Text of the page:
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Who Takes Camping Vacations and Where are They Going?

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Camping vacations are by and large one of the most popular family vacation ventures in the nation. Over 40 million Americans over the age of six went camping in 2013, according to a 2014 American Camper Report. That’s 14% of the national population over the age of six. Who is taking all these camping vacations and where are they going? We’ve done some research into the camping industry, who takes the most camping vacations, and the types of campgrounds they choose to visit to answer just that. Here’s what we found:

  • Campers are outdoor enthusiasts. Nearly 60% of campers also participated in other outdoor activities as children. Only 25% of on-campers, on the other hand, were likely to enjoy other outdoor activities in their youth.
  • Campers learned to appreciate camping early. A full 85% of campers took their very first camping vacation before their 15th birthday. For those over the age of 15 who hadn’t already been introduced to camping, the chance of taking a camping trip was slim.
  • Many had their introduction to camping from their immediate family. For a number of campers, their very first trip was with their immediate family. Around 12% of surveyed adult campers said their first camping vacation was with their parents and siblings.
  • Over one-quarter of households camp and that number is only growing. In 2015, 28.6 million households went camping, representing 28% of all U.S. households. This is an increase of 1.2 million households since 2014 when “only” 27.4 million households took camping trips. That boils down to one million new households deciding to take camping vacations in 2015.
  • Not surprisingly, almost all campers are repeat offenders: 99% of campers surveyed for the 2014 American Camping Report said they were “likely” or “very likely” to camp again next year. The vast majority said they’ve already planned an average of 4.9 trips. As many as two-thirds of respondents said they’ve got at least three trips on the roster already.
  • Active campers are only becoming more active. While camping vacations remain popular among the entire American population, the frequency of campers’ outings is increasing. A full 30% of active campers said they’re going to increase the number of their trips in 2016.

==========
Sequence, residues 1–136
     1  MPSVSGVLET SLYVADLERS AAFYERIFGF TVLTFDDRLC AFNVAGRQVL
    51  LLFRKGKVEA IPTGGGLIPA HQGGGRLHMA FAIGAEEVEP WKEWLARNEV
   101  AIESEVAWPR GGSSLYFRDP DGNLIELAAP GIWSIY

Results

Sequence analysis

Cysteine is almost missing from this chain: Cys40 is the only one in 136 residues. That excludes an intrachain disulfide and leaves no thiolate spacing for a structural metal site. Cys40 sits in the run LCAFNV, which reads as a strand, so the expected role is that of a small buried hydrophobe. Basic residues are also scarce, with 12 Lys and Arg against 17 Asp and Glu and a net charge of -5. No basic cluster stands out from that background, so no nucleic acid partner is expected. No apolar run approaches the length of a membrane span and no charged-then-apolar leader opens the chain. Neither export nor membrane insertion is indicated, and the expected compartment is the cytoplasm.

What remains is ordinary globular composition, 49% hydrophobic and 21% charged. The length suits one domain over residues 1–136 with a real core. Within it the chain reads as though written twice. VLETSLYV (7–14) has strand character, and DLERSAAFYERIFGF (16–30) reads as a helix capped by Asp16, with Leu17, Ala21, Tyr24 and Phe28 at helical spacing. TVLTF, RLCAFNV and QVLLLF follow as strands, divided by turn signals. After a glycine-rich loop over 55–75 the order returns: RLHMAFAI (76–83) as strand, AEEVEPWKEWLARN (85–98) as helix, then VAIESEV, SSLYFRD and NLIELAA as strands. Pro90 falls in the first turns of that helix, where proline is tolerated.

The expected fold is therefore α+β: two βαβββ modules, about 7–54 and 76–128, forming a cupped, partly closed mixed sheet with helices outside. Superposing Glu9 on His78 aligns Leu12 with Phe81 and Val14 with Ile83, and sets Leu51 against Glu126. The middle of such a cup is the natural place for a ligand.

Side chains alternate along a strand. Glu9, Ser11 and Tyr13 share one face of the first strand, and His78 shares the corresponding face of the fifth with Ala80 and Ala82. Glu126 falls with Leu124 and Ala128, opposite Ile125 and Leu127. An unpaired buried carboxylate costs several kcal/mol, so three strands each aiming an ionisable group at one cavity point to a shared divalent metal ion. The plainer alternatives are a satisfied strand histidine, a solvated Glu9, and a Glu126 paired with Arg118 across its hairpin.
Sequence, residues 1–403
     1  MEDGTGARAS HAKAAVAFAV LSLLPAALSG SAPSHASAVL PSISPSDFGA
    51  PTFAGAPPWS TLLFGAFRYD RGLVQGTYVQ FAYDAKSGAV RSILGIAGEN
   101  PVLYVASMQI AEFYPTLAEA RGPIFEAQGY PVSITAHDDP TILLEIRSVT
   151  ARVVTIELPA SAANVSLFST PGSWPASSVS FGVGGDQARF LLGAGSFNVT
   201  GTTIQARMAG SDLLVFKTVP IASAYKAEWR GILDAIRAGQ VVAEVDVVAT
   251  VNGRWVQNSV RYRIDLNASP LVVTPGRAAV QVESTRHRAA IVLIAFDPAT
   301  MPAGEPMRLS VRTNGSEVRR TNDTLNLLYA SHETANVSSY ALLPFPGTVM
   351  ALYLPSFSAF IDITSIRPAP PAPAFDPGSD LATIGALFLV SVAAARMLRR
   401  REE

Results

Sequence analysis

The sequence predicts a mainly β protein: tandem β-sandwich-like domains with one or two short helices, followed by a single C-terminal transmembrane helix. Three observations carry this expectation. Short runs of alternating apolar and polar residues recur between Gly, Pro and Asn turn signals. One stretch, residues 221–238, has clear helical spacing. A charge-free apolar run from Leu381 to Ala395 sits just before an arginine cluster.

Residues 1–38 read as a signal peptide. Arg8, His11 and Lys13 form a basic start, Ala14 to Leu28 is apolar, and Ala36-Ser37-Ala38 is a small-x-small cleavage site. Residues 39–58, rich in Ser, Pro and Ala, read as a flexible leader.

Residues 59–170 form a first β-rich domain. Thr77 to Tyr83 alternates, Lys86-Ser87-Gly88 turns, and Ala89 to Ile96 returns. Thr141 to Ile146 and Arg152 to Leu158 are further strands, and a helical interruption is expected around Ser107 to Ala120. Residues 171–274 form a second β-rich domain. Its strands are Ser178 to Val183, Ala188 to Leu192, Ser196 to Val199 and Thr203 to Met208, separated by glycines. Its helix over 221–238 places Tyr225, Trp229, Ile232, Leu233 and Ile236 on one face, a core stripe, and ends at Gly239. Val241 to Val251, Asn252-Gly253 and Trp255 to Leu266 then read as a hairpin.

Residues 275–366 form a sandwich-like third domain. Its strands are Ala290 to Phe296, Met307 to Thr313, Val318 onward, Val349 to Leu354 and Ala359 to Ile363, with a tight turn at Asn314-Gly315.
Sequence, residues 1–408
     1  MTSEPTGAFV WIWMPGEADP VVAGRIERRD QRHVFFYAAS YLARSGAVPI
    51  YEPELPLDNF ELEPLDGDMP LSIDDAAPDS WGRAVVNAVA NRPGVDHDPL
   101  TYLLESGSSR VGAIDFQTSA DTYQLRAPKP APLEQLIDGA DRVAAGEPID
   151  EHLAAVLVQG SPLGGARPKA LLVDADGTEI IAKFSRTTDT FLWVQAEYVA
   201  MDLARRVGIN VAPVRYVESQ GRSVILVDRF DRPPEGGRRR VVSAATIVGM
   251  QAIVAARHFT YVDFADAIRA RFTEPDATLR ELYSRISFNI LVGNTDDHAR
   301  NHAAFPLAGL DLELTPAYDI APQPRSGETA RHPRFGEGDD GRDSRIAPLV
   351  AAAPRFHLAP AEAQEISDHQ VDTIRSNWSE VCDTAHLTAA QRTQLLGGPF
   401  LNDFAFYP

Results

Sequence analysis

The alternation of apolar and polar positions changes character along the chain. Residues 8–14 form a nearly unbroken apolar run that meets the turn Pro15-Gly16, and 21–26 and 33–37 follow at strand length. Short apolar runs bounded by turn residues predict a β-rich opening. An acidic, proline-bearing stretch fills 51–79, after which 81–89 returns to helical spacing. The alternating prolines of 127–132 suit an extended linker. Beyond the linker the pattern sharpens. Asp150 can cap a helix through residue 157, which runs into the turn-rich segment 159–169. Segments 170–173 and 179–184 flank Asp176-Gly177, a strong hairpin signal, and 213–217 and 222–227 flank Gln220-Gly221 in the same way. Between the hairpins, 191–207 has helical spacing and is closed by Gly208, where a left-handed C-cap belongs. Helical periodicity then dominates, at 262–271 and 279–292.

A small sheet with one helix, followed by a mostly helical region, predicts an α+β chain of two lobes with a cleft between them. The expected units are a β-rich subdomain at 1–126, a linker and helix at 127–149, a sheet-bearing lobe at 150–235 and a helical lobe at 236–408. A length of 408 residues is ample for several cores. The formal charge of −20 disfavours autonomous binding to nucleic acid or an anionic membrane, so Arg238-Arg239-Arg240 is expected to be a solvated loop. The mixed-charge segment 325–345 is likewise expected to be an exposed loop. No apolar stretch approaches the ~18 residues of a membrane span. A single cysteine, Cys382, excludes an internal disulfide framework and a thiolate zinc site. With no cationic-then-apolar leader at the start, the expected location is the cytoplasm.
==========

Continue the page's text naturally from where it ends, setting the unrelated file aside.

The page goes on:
• They’re staying out longer. A full 46% of campers said they’re planning to extend their nights beneath the stars in 2016. Tent camping showed the greatest change in duration between 2016 and 2015: In 2016, nearly twice as many campers said they were taking longer tent camping outings.
  • Campers are diverse. In 2016, one-fifth of new campers in America were African American/Black. The number of Hispanic campers in state and national park campgrounds increased by 5%, while there was a 7% increase in African American/Black campers in 2016. Campers of Asian decent rose even higher with 10% more taking camping vacations in 2016.
  • The majority of campers live in the Western United States. In 2015, 66% of residents in the Western U.S. said they camp at least occasionally. In the Midwest and South, 57% indicated the same, while 54% of Americans living in the Northeast said they camp at least occasionally.
  • Campers will travel 186.7 miles on average to find their camping destination.
  • The vast majority (around 70%) of camping vacations are taken in public campgrounds. Over 30% will opt for cabin camping.
  • National and State Parks are equally appealing. Half of campers planned to visit U.S. national parks and half said they were going to state parks in 2016.

Why go camping?>/h4>

  • For the pure enjoyment: 47% of adult campers say they camp simply because they enjoy doing it.
  • To spend more time with your family: 13% chose family camping vacations as an opportunity for family bonding.
  • To explore new areas: Around 20% chose to go camping in 2015 because they wanted to explore new areas and outdoor attractions.
  • It encourages healthy habits: As mentioned above, camping gives children a huge leg-up on outdoor recreation. Children who camp are twice as likely to engage in other outdoor activities as children who don’t camp.

When will you take your next camping vacations?

With all this talk about who is camping, where they’re going, and why they’re choosing camping vacations, only one question remains: When are you going to book your next camping vacation?